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Entrepreneurs Panel

Tony Caldeira
Jeremy Roberts
Richard O'Sullivan
Michael Oliver
Steve Purdham
David Pollock
Jennie Johnson
Brian Hay
Debbie Pierce
Julie Meyer
Laura Tenison
Charlie Mullins

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Attending networking meetings has become an important marketing tool for both small and large companies. But for some, the thought of delivering a 60-second pitch or talking to strangers fills them with fear.

A happy workforce is a productive workforce, and as colleagues spend upwards of 35 hours a week with each other, good interpersonal relationships are key to achieving success. The benefits of fostering positive working relationships between staff is clear, but what happens when a blooming work relationship develops into something more?

Happy teams are successful teams. And if you want a happy team then you need to make people feel good.

Sarah Lewis, a chartered psychologist and author of Positive Psychology at Work, offers nine positive psychology tips to make your team feel great.

We are constantly told that, in today’s world, change is a permanent feature of organisational life. Given this is it surprising how many myths abound, and the extent to which organisations struggle with the concept of change.

Sarah Lewis, chartered psychologist and author of Appreciative Inquiry for Change Management, believes that part of the problem is that our ideas in this area are outdated. The organisation is not a machine and our leaders are not all seeing and all knowing.

You’ve planned and prepared your presentation, or training workshop, in detail. You’ve anticipated every eventuality. You arrive early, get set up and are no more than five minutes into your presentation someone in your audience starts to throw out unsolicited comments.

These are the type of comments that aim to catch you out, to make you look bad. You’re being heckled. What do you do? How do you handle the heckler?

Eric Fitzpatrick from Toastmasters International has had to handle many hecklers in his career as a speaker and trainer and he says that the good news is that there are many ways to handle hecklers. The bad news is that there is no one way that will work every time.

Barack Obama famously crowd-sourced the finance for his election campaign - a powerful example of the ability of new technology to create a great aggregate result out of lots of small voluntary actions.

But this process is not as new as it seems. Sir James Murray used a similar approach to creating the Oxford English Dictionary back in 1897.

Snowy conditions are causing havoc – not least with your work force. But where do you stand if your employees are failing to turn up to work as a result? Gaynor Beckett, expert in employment law specialising in contract, policies and procedures at Brilliant Law.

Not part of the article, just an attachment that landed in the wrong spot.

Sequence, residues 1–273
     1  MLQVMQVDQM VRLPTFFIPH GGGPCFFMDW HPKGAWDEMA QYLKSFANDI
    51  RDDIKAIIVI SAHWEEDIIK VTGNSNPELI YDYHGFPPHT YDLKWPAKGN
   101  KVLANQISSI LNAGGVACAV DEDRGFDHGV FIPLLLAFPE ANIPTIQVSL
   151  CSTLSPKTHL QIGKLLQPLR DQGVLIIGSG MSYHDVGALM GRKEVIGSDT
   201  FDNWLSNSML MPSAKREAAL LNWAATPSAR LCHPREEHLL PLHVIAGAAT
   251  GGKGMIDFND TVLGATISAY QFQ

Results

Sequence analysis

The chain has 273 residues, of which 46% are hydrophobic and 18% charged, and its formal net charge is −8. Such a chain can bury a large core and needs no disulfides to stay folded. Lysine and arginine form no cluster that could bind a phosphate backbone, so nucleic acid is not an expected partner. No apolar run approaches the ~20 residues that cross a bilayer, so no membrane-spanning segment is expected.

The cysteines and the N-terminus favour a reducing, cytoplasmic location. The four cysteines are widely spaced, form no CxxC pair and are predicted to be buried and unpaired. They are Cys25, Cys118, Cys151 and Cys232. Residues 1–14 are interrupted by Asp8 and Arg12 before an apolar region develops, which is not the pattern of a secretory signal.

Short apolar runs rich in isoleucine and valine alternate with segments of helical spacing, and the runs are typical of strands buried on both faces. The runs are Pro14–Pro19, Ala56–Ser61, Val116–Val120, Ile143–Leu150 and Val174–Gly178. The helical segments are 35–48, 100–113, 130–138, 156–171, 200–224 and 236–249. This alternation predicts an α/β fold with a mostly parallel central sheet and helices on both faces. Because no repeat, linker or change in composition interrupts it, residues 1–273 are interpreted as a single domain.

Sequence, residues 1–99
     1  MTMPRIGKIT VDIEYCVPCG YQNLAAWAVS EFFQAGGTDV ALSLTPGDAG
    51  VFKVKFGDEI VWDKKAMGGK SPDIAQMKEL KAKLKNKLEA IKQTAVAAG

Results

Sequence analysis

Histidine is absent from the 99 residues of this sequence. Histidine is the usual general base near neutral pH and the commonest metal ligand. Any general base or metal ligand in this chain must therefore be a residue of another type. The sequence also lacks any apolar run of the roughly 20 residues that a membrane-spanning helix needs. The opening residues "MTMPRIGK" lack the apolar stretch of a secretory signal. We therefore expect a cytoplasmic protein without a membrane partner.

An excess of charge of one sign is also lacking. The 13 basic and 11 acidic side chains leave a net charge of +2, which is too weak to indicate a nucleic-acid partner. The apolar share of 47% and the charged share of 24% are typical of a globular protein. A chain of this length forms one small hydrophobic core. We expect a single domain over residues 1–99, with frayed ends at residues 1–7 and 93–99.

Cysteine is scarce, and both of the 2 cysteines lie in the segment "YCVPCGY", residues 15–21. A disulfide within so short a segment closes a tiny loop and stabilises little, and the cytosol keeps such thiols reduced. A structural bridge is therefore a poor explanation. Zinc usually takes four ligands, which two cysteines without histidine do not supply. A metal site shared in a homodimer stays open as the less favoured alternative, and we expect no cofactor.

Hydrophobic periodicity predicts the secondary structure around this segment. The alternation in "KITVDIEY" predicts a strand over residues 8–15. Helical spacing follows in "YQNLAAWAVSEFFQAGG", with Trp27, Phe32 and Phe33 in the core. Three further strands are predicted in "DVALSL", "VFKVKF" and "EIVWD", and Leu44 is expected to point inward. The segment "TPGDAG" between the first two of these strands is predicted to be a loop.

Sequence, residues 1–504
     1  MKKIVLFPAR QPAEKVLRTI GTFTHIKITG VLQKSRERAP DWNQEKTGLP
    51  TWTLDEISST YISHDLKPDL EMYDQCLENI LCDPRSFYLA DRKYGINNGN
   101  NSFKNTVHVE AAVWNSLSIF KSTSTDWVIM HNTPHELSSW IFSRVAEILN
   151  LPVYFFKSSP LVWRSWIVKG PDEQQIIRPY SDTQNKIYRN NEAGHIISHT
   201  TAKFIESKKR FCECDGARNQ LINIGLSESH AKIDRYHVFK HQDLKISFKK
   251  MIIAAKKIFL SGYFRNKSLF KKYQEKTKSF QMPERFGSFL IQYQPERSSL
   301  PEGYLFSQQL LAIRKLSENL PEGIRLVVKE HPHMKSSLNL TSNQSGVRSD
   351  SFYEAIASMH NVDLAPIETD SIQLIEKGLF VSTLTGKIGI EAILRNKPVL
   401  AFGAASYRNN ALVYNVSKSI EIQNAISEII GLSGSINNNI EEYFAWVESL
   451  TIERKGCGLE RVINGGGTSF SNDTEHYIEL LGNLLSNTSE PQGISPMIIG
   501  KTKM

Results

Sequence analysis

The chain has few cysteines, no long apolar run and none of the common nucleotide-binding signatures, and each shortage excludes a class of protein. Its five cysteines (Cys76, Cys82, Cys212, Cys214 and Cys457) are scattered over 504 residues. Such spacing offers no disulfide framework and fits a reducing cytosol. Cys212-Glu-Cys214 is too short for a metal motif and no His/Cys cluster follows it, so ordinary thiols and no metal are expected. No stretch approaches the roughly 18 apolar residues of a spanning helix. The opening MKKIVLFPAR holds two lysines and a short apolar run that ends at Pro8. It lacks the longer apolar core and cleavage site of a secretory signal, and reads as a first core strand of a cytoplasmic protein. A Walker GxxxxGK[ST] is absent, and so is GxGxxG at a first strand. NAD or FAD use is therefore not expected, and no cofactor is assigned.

For an entrepreneur nothing is more traumatic than when the business you’ve worked so hard to build up grinds to a halt because of a crisis.

A crisis can present itself in many different forms: system breakdowns, theft of office equipment, fires or floods in the office or financial disasters. When you are hit by a crisis, it’s important to deal with it calmly, quickly and effectively. There are number of logical steps a small business owner should go through to ensure they are equipped to handle a situation and come out the other side with the business intact. These steps are preparation, planning and action.

Deepak Soni, small business insurance expert at Hiscox looks at how SMEs should prepare for a crisis.

After a wet Christmas and mild New Year, the cold snap is set to hit the country once more, with temperatures predicted to reach as low as -10 and snow forecast in many areas. Inevitably, this will result in travel disruption and employees unable, or unwilling, to get to work.

You may find that some of your employees go to great lengths to get to the office despite the cold and a journey of perhaps several hours. However, others may seize the opportunity to have a duvet day. How do you deal with this?

After more than forty years is appears Jimmy Savile has finally been found out and as the days go by, even more terrible revelations continue to emerge. But what is also shocking about this case is just how many people, in so many different organisations, appear to have kept quiet about what they knew.

While the case of Jimmy Savile is an extreme one, it has highlighted an important issue that any organisation would be wise to consider - are your employees encouraged and enabled to speak out?

  • Kathryn Parsons, co-founder of Decoded, started with little more than faith and determination, but four years later it’s grown into a global business. Ahead of her appearance at Accelerate 2015 in...

  • Author, writer and marketer Ryan Holiday on how entrepreneurs need to interpret failure.

  • Sue Vizard, business coach and author of Jump Start: The Start-up Book for Your Dream Business, looks at some of the questions solo entrepreneurs should ask themselves.

  • Ian Wright, founder and chief executive of, is bringing together SMEs and NEDs - without the hefty recruitment fees.

  • Former professional golfer turned entrepreneur Colin Stevens has had a busy 18 months. The Better Bathrooms founder has increased turnover at the firm, secured a multi-million pound investment and...

Five Minutes With

David Hughes sums up his entrepreneurial career to date thus: four spectacular successes and two failures. He founded the sports retailer Allsports and achieved turnover of £180 million before a vicious price war meant decline, administration in 2005 and a sell-off to rival JD Sports.

It took Richard Shonn, managing director of 151 Products, three years to find a warehouse big enough for his requirements.